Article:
Let’s take a look at some of the winners and losers of the IPO strategy in 2019, on the assumptions that (i) investors purchased the stock immediately after listing on an exchange and (ii) sold the stock within one week of the purchase.
IPO Success Stories of 2019
Beyond Meat (BYND), Pinterest (PINS) and Fiverr (FVRR) are three of the more popular names which have enjoyed much success with their public offerings thus far. The performance of the plant-based food producer, Beyond Meat, has been particularly noteworthy since its debut. After being initially priced at US$25.00, the stock picked up 84% in pre-market gains, and a further 42.9% within the first official day of trading, overall advancing 163.0% above its IPO price. The share price of BYND has since sky-rocketed almost 235%, with its first post-IPO earnings report forecasting a doubling of revenue in 2019. Pinterest’s (PINS) first day of trading saw it rally 28.4% over its IPO price of US$19.00, and 2.7% over its opening price of US$23.75. After the first week, an investor who ‘flipped’ this stock would have realized a yield of 21.3% (from the opening price of US$23.75 per share). Odd-job online posting site Fiverr (FVRR), one of the most recent IPOs on the US exchange, debuted at US$21.00 and increased during pre-market trading to an opening price of US$26.00. The stock popped 53.5% by the close of the first day but pulled back a bit within the first week, rising 32.2% above its initial opening price.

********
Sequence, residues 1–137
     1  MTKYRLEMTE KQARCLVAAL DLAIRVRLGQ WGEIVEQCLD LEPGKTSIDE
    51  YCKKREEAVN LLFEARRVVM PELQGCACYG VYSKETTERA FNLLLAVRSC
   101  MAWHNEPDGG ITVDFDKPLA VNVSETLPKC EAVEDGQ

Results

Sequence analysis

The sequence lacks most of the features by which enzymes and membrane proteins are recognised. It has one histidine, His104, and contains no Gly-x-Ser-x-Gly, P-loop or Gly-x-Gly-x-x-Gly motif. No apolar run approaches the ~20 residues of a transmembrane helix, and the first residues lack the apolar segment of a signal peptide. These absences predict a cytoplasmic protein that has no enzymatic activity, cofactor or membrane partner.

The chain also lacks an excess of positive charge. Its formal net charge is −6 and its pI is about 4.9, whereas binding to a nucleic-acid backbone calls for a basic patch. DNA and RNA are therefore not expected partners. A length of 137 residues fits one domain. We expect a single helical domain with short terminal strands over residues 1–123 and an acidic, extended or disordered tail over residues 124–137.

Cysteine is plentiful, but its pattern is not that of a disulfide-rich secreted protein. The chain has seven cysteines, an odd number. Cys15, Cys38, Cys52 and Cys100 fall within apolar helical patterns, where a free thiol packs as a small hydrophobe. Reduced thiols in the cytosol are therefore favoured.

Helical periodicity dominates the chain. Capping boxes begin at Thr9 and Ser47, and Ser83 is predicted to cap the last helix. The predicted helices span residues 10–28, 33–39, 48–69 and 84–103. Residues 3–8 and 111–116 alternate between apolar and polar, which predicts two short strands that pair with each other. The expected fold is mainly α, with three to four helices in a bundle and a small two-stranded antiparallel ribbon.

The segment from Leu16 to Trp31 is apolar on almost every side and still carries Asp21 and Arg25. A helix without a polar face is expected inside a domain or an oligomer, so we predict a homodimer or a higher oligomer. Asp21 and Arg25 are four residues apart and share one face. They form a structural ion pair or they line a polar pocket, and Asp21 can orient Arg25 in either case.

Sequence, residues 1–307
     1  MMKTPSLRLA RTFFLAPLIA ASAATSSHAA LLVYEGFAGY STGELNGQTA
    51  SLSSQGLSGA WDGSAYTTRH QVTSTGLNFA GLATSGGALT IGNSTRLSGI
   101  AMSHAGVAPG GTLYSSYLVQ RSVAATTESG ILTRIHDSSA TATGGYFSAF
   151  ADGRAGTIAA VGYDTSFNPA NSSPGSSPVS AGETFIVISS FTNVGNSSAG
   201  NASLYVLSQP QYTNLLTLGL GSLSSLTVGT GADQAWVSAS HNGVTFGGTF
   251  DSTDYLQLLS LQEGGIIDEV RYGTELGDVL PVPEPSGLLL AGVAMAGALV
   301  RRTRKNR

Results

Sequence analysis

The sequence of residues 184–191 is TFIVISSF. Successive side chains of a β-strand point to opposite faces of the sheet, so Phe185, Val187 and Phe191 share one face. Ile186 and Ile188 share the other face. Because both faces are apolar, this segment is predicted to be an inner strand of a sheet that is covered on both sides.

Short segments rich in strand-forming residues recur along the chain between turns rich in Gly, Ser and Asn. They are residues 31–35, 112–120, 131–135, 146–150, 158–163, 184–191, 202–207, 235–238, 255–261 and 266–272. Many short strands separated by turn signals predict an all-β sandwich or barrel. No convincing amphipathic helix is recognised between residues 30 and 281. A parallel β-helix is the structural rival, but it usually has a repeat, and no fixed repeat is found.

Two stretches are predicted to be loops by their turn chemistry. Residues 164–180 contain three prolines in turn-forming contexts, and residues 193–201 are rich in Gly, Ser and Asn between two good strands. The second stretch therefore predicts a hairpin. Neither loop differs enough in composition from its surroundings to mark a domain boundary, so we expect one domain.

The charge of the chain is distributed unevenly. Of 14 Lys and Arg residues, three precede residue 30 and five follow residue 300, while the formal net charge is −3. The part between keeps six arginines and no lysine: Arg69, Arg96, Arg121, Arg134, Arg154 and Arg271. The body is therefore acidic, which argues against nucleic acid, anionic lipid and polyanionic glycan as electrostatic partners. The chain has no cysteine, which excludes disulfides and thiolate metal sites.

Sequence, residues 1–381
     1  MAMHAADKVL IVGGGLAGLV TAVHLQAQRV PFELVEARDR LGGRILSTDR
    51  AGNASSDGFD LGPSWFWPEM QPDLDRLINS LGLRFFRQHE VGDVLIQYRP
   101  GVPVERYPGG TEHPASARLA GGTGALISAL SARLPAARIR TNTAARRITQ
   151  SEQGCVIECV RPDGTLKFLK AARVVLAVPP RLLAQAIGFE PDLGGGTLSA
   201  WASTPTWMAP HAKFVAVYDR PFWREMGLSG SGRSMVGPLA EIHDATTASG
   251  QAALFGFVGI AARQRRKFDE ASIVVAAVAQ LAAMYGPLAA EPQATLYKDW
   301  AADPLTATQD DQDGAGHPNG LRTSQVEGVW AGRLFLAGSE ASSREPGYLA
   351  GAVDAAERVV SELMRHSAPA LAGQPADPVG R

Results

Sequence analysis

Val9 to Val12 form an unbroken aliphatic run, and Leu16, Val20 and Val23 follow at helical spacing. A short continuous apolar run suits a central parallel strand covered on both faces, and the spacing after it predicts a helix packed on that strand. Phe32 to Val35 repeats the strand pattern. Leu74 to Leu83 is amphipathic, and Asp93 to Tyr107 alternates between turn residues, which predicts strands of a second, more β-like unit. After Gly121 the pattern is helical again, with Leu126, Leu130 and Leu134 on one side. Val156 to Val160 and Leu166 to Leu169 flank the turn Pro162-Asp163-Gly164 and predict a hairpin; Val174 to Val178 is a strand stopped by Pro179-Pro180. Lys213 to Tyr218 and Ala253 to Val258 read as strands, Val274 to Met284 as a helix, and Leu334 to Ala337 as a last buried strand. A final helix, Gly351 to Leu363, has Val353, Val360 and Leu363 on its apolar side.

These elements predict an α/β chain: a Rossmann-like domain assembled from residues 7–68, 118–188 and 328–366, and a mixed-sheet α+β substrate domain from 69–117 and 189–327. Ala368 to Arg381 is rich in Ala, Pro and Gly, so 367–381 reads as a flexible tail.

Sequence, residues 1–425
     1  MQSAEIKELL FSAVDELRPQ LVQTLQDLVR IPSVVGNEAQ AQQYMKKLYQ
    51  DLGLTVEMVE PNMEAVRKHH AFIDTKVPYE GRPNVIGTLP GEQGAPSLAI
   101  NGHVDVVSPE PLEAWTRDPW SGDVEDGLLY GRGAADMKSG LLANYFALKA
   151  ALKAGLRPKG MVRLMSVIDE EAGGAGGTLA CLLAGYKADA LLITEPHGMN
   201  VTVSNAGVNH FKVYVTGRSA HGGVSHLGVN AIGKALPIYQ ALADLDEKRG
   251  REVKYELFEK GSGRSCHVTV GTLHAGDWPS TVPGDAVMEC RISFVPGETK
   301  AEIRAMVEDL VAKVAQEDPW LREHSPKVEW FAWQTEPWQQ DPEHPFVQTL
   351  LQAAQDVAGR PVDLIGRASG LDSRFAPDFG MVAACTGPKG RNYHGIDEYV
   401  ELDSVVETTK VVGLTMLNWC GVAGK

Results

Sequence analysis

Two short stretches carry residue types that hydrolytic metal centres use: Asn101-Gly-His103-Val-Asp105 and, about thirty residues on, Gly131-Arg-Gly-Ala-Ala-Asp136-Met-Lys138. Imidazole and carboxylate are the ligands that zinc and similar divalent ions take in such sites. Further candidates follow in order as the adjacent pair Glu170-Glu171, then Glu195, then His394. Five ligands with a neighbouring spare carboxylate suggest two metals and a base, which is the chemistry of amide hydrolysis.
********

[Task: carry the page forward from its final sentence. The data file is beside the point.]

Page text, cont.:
IPO ‘Flops’ of 2019